People who take red yeast rice pills to lower their cholesterol levels may not be getting their expected protection against suffering a heart attack. North Americans spend an estimated 40 million dollars a year on these pills. Harvard professor Pieter Cohen tested 28 brands of red yeast rice supplements purchased at major U.S. retail chains, such as GNCs and Walgreens, for levels of the active ingredient monacolin K, which is identical to the prescription statin cholesterol-lowering drug, lovastatin (European Journal of Preventive Cardiology, June 23, 2017). He found that:
• Two of the 28 brands had no detectable levels of monacolin K.
• The other 26 brands had monacolin K levels that varied from 0.09 to 5.48 mg per 1,200 mg of red yeast rice. This is totally unacceptable; there is a 120-fold difference from the recommended daily dose.
• Six of the brands could have serious side effects because they exceeded the 4mg/day limit recommended by the Food and Drug Administration (FDA).
Red yeast rice is made by fermenting rice with a red-colored fungus, which produces the active ingredient, monacolin. Each fermentation procedure yields widely varying doses of monacolin and thus each manufacturer should be measuring the monacolin produced for each batch of pills, but we have no evidence that this is being done. Manufacturers of prescription drugs that had such variations from standard doses would be liable for federal prosecution, but manufacturers of over-the-counter red yeast rice and other supplements are almost never prosecuted.
• The labels on red yeast rice supplements do not tell you how much of the active ingredient, monacolin, is in each pill, even though many labels state how much red yeast rice is in each pill. Monacolin levels, not red yeast rice weights, determine the potency and side effect of these pills.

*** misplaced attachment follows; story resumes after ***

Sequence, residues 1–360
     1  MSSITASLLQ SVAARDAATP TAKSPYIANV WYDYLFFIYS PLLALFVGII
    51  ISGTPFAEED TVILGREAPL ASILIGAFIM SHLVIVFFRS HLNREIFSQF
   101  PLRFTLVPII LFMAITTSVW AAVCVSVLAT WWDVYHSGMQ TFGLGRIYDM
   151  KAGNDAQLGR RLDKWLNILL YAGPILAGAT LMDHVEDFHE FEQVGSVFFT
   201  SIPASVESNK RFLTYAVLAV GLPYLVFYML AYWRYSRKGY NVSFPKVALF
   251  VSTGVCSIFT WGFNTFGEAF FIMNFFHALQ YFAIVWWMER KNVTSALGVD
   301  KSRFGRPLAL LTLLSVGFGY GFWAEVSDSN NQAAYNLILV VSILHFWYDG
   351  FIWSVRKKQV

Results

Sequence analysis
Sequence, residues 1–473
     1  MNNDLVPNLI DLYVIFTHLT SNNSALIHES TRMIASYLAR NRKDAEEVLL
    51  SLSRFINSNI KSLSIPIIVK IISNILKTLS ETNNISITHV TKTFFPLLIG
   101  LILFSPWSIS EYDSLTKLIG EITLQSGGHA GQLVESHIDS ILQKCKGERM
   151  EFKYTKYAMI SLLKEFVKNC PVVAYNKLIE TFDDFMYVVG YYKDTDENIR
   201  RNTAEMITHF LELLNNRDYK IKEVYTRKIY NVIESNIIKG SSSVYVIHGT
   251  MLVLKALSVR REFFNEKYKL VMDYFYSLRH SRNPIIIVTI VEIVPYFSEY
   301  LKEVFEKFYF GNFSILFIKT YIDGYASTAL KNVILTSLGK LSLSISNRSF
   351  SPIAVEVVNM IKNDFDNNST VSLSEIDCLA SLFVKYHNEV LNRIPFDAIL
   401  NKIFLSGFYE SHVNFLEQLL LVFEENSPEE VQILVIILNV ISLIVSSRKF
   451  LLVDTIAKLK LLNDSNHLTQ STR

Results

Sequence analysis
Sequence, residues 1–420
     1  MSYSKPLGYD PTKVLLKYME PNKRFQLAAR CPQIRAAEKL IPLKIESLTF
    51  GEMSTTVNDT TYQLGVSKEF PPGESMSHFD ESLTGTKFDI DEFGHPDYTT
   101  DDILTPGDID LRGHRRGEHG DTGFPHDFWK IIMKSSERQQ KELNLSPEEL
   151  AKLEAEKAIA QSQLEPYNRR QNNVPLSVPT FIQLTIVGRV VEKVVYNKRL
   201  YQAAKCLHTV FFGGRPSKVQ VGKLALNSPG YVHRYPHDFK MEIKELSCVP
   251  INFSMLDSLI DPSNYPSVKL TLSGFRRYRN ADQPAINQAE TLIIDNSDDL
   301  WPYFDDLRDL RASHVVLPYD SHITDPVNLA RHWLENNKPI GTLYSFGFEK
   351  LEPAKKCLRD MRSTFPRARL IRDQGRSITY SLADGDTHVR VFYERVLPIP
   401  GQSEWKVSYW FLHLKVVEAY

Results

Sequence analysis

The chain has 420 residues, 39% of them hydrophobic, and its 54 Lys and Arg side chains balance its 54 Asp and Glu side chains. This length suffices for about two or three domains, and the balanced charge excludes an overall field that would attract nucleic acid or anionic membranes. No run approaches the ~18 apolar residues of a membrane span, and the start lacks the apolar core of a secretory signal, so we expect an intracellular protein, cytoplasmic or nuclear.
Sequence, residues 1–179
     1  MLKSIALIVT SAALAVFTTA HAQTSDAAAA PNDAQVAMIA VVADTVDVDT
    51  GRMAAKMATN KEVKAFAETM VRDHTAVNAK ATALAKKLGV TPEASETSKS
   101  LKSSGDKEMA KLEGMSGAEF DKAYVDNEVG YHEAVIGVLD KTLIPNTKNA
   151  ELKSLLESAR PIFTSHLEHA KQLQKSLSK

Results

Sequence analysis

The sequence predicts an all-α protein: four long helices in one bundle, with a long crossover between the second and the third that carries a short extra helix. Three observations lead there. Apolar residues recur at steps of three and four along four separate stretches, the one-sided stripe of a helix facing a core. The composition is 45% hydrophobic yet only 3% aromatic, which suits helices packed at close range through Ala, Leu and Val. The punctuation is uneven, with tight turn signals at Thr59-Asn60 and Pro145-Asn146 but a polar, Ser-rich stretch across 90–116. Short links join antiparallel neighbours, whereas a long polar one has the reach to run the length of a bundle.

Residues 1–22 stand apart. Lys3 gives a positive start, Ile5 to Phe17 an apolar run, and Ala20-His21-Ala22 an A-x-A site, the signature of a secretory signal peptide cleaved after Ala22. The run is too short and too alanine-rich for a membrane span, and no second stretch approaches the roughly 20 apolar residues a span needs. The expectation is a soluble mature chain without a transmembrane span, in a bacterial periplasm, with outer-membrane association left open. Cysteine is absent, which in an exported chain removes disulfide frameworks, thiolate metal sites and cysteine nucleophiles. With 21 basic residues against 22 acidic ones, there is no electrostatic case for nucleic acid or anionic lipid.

• Most brands of over-the-counter red yeast rice do not warn about the possible risks of taking red yeast rice pills for people who take prescription statins at the same time.
Why Supplements Are Not Regulated In 1994, U.S. Senators Harkins and Hatch got Congress to pass a law that prevented the FDA from regulating food, which in effect prevents the FDA from regulating any dietary supplements. In 2007 the FDA introduced new manufacturing standards for dietary supplements, but this study confirms that many manufacturers still are not checking the potency of their pills as they should. In 2010, the FDA issued further manufacturing guidelines designed to "give consumers greater confidence that any dietary supplement they use has been manufactured to ensure its identity, purity, strength, and composition." However, the rate of adverse reactions to red yeast rice (muscle pain, gastrointestinal symptoms and muscle and liver damage) appears to be as common as it is for prescription statins (British Journal of Clinical Pharmacology, Jan. 19, 2017).
In 2014, the FDA sent a warning letter to a company whose red yeast rice product had 4mg of monacolin K/daily dose, a dose high enough to make it a drug that would need a prescription, and should not have been sold over-the-counter. Furthermore, some red yeast rice supplements contain a toxin called citrinin, which can damage your kidneys and cause cancer in animals (JAMA Internal Medicine, Oct 25, 2010).
• Tell your doctor if you are taking red yeast rice.
• A low-cost prescription statin might be a better choice because the government has tighter regulations on prescription medications.
• Red yeast rice is likely to remain on the market, but I believe that it can be dangerous to take such loosely-regulated supplements.
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